I get where we’re coming from. We want to love every person, but we don’t love their sin. 

    Well duh! We don’t love their sin because we don’t love any sin. Psalm 97:10 tells us, “Let those who love the Lord hate evil.”

    It’s not fair to let certain people know we hate their sins specifically, and it seems a bit exhausting to tell every person we know that we love them but not their sin. How about we just focus on loving God first and loving others like ourselves? (Mark 12:30-31)

     

    Photo credit: ©Thinkstock/vadimguzhva

  • 7. Just pray harder!

    Shortly after going into remission, my friend Robert’s cancer came back. He knew it was a possibility, but what was completely unexpected was one acquaintance’s reaction to the news. “I guess you just need to pray harder,” she said. Talk about being a Job’s comforter!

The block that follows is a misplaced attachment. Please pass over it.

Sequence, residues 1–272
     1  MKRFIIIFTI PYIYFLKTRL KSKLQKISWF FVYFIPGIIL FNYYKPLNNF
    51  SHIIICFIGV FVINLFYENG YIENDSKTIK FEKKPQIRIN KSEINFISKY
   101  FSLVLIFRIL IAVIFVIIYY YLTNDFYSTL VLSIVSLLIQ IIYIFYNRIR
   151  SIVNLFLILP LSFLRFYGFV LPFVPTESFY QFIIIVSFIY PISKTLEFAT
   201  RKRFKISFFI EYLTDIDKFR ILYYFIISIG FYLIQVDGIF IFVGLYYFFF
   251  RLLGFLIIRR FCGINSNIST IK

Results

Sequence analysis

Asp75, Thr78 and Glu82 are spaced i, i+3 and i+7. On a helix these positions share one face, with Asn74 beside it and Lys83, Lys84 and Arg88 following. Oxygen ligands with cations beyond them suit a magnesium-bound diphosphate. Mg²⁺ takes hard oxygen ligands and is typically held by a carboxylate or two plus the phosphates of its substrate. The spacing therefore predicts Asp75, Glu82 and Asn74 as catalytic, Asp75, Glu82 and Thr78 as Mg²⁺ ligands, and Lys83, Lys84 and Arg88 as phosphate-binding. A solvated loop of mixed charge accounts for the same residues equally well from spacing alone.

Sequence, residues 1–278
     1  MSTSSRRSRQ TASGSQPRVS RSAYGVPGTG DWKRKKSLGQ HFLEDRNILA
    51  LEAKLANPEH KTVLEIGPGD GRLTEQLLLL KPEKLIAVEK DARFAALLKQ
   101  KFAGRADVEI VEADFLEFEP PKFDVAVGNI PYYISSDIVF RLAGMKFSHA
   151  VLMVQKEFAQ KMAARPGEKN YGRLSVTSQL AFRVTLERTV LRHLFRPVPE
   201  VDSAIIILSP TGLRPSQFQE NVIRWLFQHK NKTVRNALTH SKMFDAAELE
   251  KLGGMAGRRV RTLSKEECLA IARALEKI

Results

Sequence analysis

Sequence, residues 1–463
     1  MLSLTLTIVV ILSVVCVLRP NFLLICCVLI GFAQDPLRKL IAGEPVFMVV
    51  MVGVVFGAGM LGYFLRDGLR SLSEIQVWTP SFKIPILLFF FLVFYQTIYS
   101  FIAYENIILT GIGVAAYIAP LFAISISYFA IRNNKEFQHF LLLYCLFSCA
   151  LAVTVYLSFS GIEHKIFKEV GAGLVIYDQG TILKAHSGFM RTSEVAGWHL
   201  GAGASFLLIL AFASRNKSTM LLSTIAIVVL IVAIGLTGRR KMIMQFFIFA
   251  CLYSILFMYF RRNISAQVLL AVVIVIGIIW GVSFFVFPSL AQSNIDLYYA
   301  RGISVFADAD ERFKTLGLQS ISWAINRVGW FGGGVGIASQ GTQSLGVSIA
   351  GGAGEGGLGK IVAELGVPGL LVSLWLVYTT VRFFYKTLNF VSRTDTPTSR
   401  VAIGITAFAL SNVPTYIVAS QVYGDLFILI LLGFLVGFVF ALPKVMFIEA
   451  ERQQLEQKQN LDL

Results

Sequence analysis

We’re not in a place to judge the intensity level of someone’s prayer. Plus, the Bible tells us that even when we are too weak to pray and don’t know what to say, the Holy Spirit intercedes on our behalf. (Romans 8:26

     

    Photo credit: ©Thinkstock/kjekol

  • 8. Jesus, we just...

    Friends, I just ask that we just limit or maybe even just remove the word “just” from our prayers.

    That sentence sounds ridiculous, right? So why do we talk like this when we pray?